If no governmental body sets curricula and learning standards, how do potential students know that a certain college is worth attending? The answer is: private accreditation agencies. They set criteria and conduct the reviews that universities must meet.

And colleges need this stamp of approval, because otherwise their degrees plunge in value and students shy away. Employers are quite reasonably suspicious of a degree from an unaccredited college. It can mean anything.

The U.S. system is flexible. For instance, students can easily change academic majors well into their college careers. In many European countries, on the other hand, students have to choose their career paths at the end of middle school, at the age of 14 or so. They are barely adolescents, and they have committed to specialized high schools and future professions. So if a French student decides to pursue law instead of medicine, he must start over. In the United States, the shift is relatively fluid.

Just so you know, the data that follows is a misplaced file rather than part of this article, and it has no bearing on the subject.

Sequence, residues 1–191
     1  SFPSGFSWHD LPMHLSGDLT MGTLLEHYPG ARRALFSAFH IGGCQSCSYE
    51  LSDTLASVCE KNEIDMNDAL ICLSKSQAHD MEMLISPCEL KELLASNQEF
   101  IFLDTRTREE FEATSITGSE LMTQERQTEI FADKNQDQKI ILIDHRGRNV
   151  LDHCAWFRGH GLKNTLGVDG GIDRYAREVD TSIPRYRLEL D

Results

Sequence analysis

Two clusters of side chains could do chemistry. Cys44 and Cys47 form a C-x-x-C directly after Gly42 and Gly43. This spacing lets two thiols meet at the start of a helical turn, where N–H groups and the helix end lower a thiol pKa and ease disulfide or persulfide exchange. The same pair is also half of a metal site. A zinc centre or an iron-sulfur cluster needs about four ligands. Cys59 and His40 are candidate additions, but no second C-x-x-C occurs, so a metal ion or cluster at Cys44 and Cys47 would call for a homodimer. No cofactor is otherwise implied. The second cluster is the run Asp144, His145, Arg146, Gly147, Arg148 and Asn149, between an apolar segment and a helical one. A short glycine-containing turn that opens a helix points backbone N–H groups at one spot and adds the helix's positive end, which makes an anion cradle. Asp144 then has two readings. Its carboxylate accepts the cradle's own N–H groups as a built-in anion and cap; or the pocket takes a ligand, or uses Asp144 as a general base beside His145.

Despite the lack of regulatory structure, the system is surprisingly well integrated. College credits are usually transferable to other schools, so Americans can leave and reenter college throughout their lifetimes. In fact, it is not at all uncommon for classrooms to have a mix of young people, older ones in mid-career, and retired folks who are simply looking for self-enrichment.

Even with the relatively seamless integration among schools, we see several types of colleges in this loose system. They include research universities, comprehensive universities, liberal arts schools, and community colleges. There are also notable distinctions between public and private universities.